Freedom Ride returns to Liberty on April 13

Scenes from the 2018 Liberty Freedom Ride

By Vanesa Brashier,

The organizers of the Liberty Freedom Ride to benefit the Liberty ISD Education Foundation are crossing their fingers that April 13 will bring good weather for their event.

“This year we are expecting 300 riders. I think that’s a reasonable expectation. It’s what we are shooting for,” said Bruce Wright, who added that last year’s wet and cold weather caused a decline in attendance to just 135 riders.

All money raised from the bike ride goes toward classroom grants through the Liberty ISD Education Foundation, which was founded in 2007. The ride, in its fourth year, is one of the Foundation’s biggest fundraisers. In years past, the Foundation has held Denim and Diamonds galas. Currently, supporters are hosting designer handbag raffles to raise funds.

Scenes from the 2018 Liberty Freedom Ride

“We have given back to the classrooms of Liberty ISD just shy of $200,000 in that time. I am pleased we’ve been able to do this much,” Wright said.

The cost for riders is $35 for advance entry and $40 for entry on the day of the ride. Cyclists will gather on Travis Street between the City of Liberty building and the Liberty County Courthouse. At 8 a.m. the cyclists will set off on one of five rides. The five rides range between 20 and 74 miles, and riders can select the distance based on their own experience and physicality.

“The rides will take anywhere from an hour and a half to several hours. The 20-mile course will take them from Liberty north on SH 146 to Governor’s Road (FM 1011) and up to Hardin. From Hardin, they can return south on SH 146 to Liberty. It would take fairly good riders around an hour and a half to complete that course,” Wright said.

The longest of the rides will go north on SH 146 to Rye and travel through Plantation Road before turning south and traveling back down SH 146 to Liberty.

“That ride is very scenic,” Wright said.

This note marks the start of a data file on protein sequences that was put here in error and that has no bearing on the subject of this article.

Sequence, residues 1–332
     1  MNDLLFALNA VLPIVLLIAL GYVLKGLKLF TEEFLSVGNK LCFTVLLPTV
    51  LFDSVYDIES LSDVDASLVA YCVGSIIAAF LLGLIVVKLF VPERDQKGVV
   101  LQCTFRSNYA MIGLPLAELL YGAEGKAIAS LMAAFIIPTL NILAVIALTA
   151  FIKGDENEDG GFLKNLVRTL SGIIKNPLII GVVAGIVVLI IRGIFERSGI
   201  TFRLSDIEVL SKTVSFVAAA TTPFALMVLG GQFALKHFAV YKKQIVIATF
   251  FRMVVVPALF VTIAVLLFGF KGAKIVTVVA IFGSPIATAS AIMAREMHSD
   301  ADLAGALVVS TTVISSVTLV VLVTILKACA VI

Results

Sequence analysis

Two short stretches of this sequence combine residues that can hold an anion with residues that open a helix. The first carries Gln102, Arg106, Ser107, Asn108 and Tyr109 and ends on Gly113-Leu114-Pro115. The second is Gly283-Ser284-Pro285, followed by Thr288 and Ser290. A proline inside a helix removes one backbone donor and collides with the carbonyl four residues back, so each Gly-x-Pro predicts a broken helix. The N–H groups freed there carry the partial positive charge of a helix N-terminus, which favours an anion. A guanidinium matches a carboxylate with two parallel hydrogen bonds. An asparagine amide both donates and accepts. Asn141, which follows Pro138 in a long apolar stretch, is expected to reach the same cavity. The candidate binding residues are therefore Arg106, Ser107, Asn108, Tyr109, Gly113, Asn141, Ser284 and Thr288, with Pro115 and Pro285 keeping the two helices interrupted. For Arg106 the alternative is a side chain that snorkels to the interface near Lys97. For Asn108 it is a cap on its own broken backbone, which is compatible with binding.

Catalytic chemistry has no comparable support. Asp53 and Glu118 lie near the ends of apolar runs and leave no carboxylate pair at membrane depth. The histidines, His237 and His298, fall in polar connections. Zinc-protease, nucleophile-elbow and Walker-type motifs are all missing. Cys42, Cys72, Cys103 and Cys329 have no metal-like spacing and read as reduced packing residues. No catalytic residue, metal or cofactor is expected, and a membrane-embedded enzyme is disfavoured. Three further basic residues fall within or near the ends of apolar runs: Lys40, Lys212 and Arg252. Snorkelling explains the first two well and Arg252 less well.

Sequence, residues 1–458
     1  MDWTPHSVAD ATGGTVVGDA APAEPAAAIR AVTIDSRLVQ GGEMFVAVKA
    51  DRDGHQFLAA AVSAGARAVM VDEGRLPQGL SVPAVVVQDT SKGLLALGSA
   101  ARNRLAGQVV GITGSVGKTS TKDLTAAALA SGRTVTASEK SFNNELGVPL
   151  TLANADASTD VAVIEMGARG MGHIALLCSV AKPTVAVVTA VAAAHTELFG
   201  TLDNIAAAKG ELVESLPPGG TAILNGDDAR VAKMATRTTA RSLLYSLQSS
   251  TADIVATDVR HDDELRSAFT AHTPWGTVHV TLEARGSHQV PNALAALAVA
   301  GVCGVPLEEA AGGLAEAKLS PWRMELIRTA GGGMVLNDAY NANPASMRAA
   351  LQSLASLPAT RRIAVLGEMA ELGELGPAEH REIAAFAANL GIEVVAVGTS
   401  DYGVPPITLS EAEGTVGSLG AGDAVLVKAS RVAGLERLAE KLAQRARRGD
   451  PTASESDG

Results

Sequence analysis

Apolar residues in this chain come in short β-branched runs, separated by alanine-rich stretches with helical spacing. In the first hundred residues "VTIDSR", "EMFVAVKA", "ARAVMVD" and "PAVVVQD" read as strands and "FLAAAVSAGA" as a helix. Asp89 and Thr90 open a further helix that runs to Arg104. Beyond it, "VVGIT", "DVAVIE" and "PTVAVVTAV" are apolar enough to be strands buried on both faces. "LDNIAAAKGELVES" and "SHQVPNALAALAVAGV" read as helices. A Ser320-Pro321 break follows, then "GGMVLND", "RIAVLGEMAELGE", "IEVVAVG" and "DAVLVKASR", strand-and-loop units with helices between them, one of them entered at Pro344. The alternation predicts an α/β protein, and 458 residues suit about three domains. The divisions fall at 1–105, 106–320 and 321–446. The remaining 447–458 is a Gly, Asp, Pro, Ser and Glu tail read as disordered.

Rest stops will be placed every eight to 13 miles along the routes with cyclists being offered water, Gatorade and snacks. Bathroom facilities will also be available. There will also be a medical team and a communication team available if a cyclist has difficulty finishing the ride.

“We will have someone able to handle their problems right there,” Wright said.

When riders return to Liberty, they will have an opportunity to enjoy chili from the Liberty Rotary Club’s Chili Cookoff.

“We were doing our thing and the Rotary Club was doing its thing. One of the Rotary Club people said, ‘Hey, why don’t we do this together,’ so we are,” said Wright. “The riders and their friends can purchase a bracelet to get chili after their ride. It will ultimately give more people the recognition for their efforts in the community.”

Wright believes that the Liberty Freedom Ride is a catalyst for economic development as many of the cyclists travel to Liberty County from Galveston, Beaumont and the Houston area, spending money at hotels, restaurants and gas stations.

“We’ve created something where people can come to Liberty and say, ‘Hey, this is a big deal.’ They will spend money and see our wonderful community. It legitimizes us an economic development group,” he said. “We are proud of it. We are doing things we believe in because it supports our community and our goals.”

To sign up for the ride, click here.

Liberty Freedom Ride also has a Facebook page where updates and information is frequently posted.

Scenes from the 2018 Liberty Freedom Ride

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